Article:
GSA Annual Meeting in Denver, Colorado, USA - 2016

Paper No. 279-1
Presentation Time: 8:00 AM


TEMME, Arnaud J.A.M., Geography, Kansas State Universitiy, 118 Seaton Hall, 920 N. 17th Street, Mahnattan, KS 66506,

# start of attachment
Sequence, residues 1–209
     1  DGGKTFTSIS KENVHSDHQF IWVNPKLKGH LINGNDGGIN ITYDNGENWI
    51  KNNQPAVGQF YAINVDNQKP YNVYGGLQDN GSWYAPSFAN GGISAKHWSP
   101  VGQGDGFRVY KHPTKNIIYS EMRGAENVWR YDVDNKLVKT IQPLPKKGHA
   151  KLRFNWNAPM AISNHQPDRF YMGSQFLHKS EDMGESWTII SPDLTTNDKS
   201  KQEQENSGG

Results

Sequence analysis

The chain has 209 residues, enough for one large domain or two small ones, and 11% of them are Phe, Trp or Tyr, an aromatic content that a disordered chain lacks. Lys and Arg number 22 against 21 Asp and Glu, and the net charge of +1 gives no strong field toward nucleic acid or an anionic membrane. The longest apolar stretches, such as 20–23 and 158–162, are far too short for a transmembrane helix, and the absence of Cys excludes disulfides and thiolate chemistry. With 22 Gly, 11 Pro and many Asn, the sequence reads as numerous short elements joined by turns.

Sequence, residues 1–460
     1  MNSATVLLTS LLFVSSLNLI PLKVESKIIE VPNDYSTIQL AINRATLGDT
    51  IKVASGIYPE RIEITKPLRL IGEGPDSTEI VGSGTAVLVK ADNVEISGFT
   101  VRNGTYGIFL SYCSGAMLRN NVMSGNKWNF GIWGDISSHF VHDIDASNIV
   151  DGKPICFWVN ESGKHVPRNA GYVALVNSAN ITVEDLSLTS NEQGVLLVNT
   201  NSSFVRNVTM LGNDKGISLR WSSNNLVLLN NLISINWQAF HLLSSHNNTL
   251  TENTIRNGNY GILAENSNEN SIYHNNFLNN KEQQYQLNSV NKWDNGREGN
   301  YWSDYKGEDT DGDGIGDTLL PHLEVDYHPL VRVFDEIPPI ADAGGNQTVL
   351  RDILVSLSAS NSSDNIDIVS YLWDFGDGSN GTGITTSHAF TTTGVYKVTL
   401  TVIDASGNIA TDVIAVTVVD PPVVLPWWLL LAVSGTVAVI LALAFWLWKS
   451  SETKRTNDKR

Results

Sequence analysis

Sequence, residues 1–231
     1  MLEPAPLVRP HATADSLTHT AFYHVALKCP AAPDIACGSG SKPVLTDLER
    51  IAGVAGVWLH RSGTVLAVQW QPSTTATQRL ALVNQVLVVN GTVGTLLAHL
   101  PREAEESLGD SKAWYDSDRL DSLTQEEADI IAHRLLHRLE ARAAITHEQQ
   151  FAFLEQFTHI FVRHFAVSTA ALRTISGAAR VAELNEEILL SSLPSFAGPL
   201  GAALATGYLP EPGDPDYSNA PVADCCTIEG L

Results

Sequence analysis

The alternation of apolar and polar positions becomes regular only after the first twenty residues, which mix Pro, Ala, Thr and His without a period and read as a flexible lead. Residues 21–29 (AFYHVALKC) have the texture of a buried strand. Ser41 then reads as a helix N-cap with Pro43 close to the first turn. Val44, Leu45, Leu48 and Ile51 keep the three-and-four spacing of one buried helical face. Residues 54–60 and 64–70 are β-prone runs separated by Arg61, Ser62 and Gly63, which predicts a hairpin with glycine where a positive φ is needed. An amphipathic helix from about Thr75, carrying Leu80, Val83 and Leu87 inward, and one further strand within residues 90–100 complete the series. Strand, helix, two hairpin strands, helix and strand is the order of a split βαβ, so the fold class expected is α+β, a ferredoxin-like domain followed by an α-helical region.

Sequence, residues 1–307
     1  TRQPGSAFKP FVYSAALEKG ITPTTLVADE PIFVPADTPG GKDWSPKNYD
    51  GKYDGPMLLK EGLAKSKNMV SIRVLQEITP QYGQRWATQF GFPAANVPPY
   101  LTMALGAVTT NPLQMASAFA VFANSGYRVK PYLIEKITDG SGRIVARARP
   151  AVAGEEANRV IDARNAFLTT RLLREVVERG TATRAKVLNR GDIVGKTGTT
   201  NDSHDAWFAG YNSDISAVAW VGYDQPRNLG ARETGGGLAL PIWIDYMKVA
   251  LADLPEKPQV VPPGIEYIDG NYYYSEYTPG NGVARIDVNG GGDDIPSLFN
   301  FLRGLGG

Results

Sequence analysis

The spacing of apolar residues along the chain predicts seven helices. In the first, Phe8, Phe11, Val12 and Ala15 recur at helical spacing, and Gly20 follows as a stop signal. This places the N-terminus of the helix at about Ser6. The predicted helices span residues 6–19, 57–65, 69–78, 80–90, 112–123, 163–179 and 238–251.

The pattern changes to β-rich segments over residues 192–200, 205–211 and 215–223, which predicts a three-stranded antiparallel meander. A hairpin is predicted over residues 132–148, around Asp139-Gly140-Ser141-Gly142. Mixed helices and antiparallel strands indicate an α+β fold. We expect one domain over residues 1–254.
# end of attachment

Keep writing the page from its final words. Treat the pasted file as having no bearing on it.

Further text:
Soils that have not yet fully adapted to their climatic, geomorphic and lithological condition, can be used as markers of time. I will first briefly review various properties of such non-equilibrium soils that can be used for this purpose, and indicate the typical timescales over which they can be used. I will then use two case studies, one from the Colorado Rocky Mountains, and one from Spitsbergen, to illustrate how topographic position can and must be accounted for in such studies. In the Rocky Mountains, properties from 9 soil profiles were used to attempt to shed light on the relative age of glacial and periglacial landforms from the Bull Lake glaciation or younger. This age had formerly been controversially discussed. On Spitsbergen, properties of 30 soils on ridge and trough positions within a series of Holocene marine terraces were used to constrain a soil-landscape evolution model. Both studies clearly show that soil properties not only vary between soils of different age, but also within groups of soils of similar age – and that topographic position is a main determinant for the latter variation. The reason for this is clear: soils in different parts of the landscape develop at different speeds and in different directions. Implications for the use of soils as markers of time are discussed.